Give Powerful Presentations With Power Platform Skills

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Public speaking is frequently noted as one fear placed right up there with fear of heights, death, blood, and insects. It’s no wonder many of us shy away from opportunities to share our knowledge and experience.

However, there comes a time when we must speak in front of our peers, and move an idea, product or technique into action, and you’ll want to have the skills to do so.

Whether giving a formal presentation or contributing to an impromptu session, the way that you position yourself, move, and speak to the audience will either enhance or detract from your message. By developing your “platform skills” – or, the skills you use while on stage (typically a raised platform) – you can ensure your presentation is both consistent and effective.

Let’s look at three ways you can start working on your platform skills right now:

Position: The way in which you stand significantly impacts your message.

  • Standing erect and proud communicates authority and confidence, while slouching gives a sense of uncertainty.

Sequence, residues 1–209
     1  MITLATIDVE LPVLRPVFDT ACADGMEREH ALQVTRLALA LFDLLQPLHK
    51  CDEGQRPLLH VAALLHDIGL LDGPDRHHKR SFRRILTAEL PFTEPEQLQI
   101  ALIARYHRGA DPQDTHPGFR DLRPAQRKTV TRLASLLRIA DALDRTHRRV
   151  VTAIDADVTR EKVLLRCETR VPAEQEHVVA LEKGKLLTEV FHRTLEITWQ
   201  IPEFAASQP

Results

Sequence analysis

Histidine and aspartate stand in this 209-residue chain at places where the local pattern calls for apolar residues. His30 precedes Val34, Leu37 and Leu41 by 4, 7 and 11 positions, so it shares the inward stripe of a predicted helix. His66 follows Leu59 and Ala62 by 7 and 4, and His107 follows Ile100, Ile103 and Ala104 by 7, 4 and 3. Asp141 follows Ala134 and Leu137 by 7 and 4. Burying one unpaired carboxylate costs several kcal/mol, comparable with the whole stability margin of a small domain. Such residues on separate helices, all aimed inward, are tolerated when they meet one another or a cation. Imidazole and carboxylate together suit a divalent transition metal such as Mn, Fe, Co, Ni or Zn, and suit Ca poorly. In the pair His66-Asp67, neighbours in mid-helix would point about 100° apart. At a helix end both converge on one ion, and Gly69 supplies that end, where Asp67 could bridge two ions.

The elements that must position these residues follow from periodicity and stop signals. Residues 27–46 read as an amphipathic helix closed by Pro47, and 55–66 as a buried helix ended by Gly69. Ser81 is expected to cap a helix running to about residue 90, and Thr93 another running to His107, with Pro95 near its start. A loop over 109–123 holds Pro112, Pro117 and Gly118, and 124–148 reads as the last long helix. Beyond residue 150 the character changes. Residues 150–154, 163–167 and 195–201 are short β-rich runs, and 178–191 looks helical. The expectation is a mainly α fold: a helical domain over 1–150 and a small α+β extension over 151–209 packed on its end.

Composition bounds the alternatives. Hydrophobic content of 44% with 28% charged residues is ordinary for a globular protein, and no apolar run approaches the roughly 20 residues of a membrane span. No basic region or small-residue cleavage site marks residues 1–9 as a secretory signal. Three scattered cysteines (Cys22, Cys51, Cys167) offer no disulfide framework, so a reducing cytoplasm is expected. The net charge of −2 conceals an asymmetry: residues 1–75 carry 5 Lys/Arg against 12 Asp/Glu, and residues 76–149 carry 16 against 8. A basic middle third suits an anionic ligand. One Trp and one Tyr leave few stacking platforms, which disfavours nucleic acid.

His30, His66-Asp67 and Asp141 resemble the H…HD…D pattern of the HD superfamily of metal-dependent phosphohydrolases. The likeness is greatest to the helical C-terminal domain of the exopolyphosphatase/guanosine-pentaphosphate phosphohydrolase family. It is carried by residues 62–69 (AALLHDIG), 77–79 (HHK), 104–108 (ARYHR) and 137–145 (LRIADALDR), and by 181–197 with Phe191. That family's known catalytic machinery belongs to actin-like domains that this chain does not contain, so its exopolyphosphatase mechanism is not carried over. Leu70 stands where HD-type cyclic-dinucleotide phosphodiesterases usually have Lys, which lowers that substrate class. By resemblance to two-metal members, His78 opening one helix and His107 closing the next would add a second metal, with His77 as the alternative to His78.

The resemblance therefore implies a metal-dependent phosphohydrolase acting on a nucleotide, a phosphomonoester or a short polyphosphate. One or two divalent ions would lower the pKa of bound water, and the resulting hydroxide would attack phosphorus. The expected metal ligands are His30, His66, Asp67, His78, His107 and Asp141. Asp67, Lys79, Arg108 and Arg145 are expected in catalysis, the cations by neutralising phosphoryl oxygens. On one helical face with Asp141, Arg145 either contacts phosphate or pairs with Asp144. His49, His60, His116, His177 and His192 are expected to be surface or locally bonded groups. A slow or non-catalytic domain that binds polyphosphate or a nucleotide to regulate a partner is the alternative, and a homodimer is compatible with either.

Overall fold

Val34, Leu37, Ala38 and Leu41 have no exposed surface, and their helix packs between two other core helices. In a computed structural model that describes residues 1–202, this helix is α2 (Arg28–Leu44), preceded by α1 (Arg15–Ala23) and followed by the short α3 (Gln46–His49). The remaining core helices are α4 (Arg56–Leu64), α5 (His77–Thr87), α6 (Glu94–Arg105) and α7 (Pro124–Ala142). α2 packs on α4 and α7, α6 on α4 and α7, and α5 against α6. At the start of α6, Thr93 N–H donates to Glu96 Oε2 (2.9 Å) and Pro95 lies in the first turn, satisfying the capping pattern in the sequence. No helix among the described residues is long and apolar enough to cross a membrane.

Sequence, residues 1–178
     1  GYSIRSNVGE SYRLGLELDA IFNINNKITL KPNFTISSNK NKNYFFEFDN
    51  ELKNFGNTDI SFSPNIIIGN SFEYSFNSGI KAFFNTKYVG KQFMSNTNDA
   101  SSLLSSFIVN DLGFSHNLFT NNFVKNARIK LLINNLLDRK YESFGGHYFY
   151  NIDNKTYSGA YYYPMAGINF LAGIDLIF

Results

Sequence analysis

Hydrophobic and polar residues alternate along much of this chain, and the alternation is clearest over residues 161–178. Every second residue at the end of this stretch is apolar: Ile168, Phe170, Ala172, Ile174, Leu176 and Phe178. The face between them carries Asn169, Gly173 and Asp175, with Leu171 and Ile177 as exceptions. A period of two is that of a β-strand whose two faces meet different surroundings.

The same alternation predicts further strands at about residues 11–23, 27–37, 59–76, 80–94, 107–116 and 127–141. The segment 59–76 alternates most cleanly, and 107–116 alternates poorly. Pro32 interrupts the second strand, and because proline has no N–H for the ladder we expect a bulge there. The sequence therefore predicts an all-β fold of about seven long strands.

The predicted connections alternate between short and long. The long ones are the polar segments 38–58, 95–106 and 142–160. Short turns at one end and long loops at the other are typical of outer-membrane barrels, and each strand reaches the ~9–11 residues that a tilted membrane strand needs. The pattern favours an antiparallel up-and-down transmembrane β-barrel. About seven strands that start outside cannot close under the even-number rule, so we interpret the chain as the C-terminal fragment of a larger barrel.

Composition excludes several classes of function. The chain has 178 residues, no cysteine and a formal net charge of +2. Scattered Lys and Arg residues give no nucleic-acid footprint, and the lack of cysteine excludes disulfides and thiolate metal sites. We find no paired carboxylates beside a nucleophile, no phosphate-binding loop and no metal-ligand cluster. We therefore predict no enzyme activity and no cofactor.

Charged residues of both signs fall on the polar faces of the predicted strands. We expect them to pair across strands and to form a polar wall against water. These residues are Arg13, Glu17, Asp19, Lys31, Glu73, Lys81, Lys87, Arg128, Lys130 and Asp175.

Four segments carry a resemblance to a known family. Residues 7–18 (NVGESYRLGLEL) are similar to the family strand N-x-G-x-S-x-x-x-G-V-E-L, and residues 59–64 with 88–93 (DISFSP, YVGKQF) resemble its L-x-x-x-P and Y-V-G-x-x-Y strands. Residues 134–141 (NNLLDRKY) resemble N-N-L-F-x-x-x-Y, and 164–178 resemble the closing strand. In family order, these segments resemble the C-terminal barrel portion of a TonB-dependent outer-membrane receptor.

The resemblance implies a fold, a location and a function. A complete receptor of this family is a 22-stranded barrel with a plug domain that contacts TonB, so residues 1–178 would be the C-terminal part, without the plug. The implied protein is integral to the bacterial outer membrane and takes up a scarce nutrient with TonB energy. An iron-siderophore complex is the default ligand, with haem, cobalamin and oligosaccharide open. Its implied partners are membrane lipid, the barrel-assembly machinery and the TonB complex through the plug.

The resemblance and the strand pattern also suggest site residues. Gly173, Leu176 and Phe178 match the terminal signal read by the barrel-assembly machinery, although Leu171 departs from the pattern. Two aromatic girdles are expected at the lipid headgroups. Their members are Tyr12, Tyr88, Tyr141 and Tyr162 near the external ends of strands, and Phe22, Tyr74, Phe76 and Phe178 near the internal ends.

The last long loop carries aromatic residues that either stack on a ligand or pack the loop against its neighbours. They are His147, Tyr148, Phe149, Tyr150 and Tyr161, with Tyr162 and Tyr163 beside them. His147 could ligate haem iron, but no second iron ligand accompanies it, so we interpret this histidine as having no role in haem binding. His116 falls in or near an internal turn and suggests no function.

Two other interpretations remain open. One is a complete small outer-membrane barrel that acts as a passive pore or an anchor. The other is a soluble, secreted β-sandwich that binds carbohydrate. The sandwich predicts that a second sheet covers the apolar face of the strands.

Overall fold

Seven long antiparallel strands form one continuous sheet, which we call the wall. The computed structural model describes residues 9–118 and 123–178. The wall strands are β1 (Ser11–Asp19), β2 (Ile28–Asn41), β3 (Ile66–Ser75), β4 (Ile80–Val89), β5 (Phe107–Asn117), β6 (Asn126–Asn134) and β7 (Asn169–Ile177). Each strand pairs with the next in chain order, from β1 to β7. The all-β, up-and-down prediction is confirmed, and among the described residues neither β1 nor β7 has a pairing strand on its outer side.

• If you are using visual aids, stand to your audience’s left of the visual props, especially with American audiences. Americans read left to right, so they will be inclined to look at you before they look at your visuals.
  • Avoid using a lectern, if possible. Otherwise, be sure not to grab or lean on it.

Movement: The right movements can lend depth and interest to your presentation.

  • Circulating around the room projects a more personable and confident aura, increases audience attentiveness, and helps you walk off your nervousness.
  • Avoid jerky movements that make you appear nervous or anxious. You can alleviate nervous actions with modest and purposeful hand motions.
  • Rapid pacing can be distracting to your audience, not to mention annoying. If you must pace, do it casually, and keep your hands out of your pockets.

Speech: The manner in which you speak affects the outcome of your speech.

  • Ending sentences on a “down” note instills confidence from your audience. When you end “up”, it signals a question and uncertainty.
  • Keep your words clear and accurate. Avoid putting your hand in front of your mouth, as blocking your mouth muffles the words.
  • Eye contact also speaks. Make a connection with everyone in the room at least once, and avoid looking out over the tops of their heads.

By positioning, moving and speaking with confidence, you will not only keep your audience engaged; you will inspire them to do what you want them to do. In the process, you’ll begin to overcome your fears and establish yourself as a credible expert.

To learn more about what it takes to deliver presentations with power, visit www.springboardtraining.com or sign up for Sylvia Henderson’s “Hear Me Roar: First Impressions Make Presentations Last” seminars by making your request at the “Contact Us” tab on the website home page.